Thanks for the Amen. What I’m having confirmed by my readers is that sometimes (with some mothers), the sane thing to do is cut off all contact. It IS hard; but it is often absolutely appropriate. Thanks for checking out 8 Women Dreaming. Hope youll come back next Sunday for my next installment of Confessions of an Undutiful Daughter.

  • Sue

    Rayne, Thrilled to see your blog. I am in the group with “toxic mothers” and haven’t seen mine in nearly 6 years. Sad but what needed to be done.

  • Catherine, Site Admin

    Well I would say that you are off like a shot on 8WD. Congratulations on a great post topic and your first post with us.

    Love your writing. It makes me want to twist words in a more artistic manner and improve on my skill.

    Thank you so much for wanting to take this journey with us.

    Cath

  • Marie,

    Yes, I am collecting stories of Undutiful Daughters. Indeed, I plan to spend the next year collecting a wide range of stories to use in my writing project. If you have a blog or would like to write something to me that could lead to an interview, I’d really encourage you to do so.

    Thanks for your interest. I hope you will become a regular Sunday reader.

    Rayne

  • marie

    rayne, are you still collecting stories of “undutiful daughters?”

  • WOW Rayne I am so on board with helping you make this happen…. You’re a wonderful writer and I know this will be an important book for a lot of people.

    I look forward to reading more, and to meeting you…

    Love,
    Lisa
    (another writer/dreamer!)

  • Blessings upon my very first blogging commenters! I’m so amazed that you all get it and are encouraging me. Thank you for such an amazing start to this journey!

  • Rayne – I see a good bottle of wine and mother stories in the near future. I love that you are telling your story and making me feel so happy I’m not the only undutiful daughter in the world.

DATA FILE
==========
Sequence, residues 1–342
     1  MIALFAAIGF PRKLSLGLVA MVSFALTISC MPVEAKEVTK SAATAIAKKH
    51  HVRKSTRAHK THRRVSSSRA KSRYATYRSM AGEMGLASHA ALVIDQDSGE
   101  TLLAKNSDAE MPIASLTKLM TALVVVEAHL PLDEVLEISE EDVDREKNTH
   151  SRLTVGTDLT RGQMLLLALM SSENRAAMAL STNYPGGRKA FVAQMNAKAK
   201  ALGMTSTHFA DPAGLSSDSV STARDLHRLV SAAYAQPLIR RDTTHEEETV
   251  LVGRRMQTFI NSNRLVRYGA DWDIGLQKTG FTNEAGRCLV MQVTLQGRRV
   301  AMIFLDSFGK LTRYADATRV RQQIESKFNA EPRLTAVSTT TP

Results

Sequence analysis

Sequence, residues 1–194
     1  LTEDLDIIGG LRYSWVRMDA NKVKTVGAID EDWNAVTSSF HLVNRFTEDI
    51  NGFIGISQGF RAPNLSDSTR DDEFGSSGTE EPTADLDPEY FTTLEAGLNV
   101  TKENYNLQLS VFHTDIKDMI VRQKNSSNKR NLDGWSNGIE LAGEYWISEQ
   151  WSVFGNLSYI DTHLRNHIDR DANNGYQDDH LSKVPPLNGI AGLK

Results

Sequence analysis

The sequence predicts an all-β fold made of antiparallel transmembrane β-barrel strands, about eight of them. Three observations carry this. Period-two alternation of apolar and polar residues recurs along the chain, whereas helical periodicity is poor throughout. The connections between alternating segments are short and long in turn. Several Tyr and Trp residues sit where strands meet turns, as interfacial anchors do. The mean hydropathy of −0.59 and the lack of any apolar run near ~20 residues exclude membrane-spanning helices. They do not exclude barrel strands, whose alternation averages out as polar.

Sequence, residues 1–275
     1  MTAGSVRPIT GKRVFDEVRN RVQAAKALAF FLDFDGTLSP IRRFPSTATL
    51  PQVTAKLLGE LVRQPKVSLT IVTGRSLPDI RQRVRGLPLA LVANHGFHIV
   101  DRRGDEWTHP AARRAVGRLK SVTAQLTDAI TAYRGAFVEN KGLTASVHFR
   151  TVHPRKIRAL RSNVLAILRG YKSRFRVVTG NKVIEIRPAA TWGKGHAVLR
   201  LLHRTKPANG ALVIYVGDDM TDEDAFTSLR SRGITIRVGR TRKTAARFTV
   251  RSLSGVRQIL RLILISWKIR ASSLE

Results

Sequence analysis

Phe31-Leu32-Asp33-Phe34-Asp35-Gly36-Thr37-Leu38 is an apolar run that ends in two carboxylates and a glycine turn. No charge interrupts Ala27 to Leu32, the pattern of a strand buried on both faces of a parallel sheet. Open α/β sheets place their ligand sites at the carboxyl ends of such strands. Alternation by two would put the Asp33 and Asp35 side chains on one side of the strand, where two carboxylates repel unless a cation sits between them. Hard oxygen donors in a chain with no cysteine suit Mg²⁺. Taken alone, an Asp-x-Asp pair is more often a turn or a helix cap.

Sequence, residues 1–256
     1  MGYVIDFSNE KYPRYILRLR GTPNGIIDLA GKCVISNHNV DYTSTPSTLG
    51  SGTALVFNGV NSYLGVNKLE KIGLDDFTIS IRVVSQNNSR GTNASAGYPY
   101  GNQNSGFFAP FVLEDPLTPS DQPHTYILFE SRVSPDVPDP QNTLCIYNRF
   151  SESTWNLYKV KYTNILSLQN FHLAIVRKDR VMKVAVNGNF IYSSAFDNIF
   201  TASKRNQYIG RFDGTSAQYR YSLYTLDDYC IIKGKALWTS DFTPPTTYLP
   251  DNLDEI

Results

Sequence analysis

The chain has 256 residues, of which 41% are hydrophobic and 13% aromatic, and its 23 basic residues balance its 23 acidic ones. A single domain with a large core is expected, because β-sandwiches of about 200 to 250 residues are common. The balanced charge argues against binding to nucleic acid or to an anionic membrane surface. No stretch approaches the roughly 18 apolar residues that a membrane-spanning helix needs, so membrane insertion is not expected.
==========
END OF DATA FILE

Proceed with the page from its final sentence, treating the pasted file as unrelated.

Welcome to 8 Women Dream and I am looking forward to getting to know you better.

    Heather

  • Colleen Du Bois

    Hi Rayne. I suspect we have a lot in common. I also “distanced myself from an ultra toxic mother” at the age of 16. And have never looked back. Also working towards my own memoir, I write poetry and short stories much of which serves as a way of opening up the many locked memories to my relationship with my mother.

    Please have a look at my writing and let me know if anything resonates. That’s the great thing about writing out our stories isn’t it …that we realise we are not alone in our loss.

    Colleen

  • Veronica

    I was so sure I was going to be the perfect mother. I did everything completely different then my mother, and you know what? My children are now talking about the things they will change when they have children. i smile and know that we are all exactly where we are supposed to be.

    smiles
    veronica

  • Katherine

    Dear Rayne,

    I am so proud of you making this step toward your book of mother stories. Our stories help us learn how not to make the same mistakes of our mothers and become the human we wish to pass on to those we love.

    I look forward to reading and following the process of your book and individual sharing of journies.

    Katherine

  • Catherine, Site Admin

    Welcome to 8 Women Dream Rayne.

    The relationship we daughters have with our mothers is an interesting one to say the least. I am lucky that I have a mother that I love, even though she still sees me at about age 18, but that’s how parents are.

    I am looking forward to watching your book unfold in your posts and the feedback it brings. I am so happy you said yes!

    Hugs, Cath